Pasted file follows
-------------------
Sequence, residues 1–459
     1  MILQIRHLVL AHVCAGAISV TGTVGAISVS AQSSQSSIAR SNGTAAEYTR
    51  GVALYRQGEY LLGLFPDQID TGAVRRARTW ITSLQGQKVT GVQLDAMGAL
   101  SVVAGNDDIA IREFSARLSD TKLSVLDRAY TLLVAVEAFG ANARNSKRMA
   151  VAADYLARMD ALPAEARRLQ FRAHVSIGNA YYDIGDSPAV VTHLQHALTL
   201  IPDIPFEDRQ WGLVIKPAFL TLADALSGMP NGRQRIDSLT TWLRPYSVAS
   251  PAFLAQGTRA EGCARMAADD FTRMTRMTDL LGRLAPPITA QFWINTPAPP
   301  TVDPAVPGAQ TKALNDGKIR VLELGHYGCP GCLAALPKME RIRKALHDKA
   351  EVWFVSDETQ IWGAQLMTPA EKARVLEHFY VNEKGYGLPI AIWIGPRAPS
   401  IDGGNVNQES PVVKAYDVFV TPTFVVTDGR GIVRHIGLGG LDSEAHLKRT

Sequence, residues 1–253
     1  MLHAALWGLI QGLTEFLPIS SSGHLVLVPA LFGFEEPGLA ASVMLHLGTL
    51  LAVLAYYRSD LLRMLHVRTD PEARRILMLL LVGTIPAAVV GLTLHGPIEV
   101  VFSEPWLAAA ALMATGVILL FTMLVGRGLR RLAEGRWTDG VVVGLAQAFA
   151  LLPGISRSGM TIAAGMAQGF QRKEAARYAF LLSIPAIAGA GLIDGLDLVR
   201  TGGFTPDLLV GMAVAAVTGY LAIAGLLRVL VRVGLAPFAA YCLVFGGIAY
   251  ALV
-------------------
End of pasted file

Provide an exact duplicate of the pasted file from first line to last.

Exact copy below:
Sequence, residues 1–459
     1  MILQIRHLVL AHVCAGAISV TGTVGAISVS AQSSQSSIAR SNGTAAEYTR
    51  GVALYRQGEY LLGLFPDQID TGAVRRARTW ITSLQGQKVT GVQLDAMGAL
   101  SVVAGNDDIA IREFSARLSD TKLSVLDRAY TLLVAVEAFG ANARNSKRMA
   151  VAADYLARMD ALPAEARRLQ FRAHVSIGNA YYDIGDSPAV VTHLQHALTL
   201  IPDIPFEDRQ WGLVIKPAFL TLADALSGMP NGRQRIDSLT TWLRPYSVAS
   251  PAFLAQGTRA EGCARMAADD FTRMTRMTDL LGRLAPPITA QFWINTPAPP
   301  TVDPAVPGAQ TKALNDGKIR VLELGHYGCP GCLAALPKME RIRKALHDKA
   351  EVWFVSDETQ IWGAQLMTPA EKARVLEHFY VNEKGYGLPI AIWIGPRAPS
   401  IDGGNVNQES PVVKAYDVFV TPTFVVTDGR GIVRHIGLGG LDSEAHLKRT

Sequence, residues 1–253
     1  MLHAALWGLI QGLTEFLPIS SSGHLVLVPA LFGFEEPGLA ASVMLHLGTL
    51  LAVLAYYRSD LLRMLHVRTD PEARRILMLL LVGTIPAAVV GLTLHGPIEV
   101  VFSEPWLAAA ALMATGVILL FTMLVGRGLR RLAEGRWTDG VVVGLAQAFA
   151  LLPGISRSGM TIAAGMAQGF QRKEAARYAF LLSIPAIAGA GLIDGLDLVR
   201  TGGFTPDLLV GMAVAAVTGY LAIAGLLRVL VRVGLAPFAA YCLVFGGIAY
   251  ALV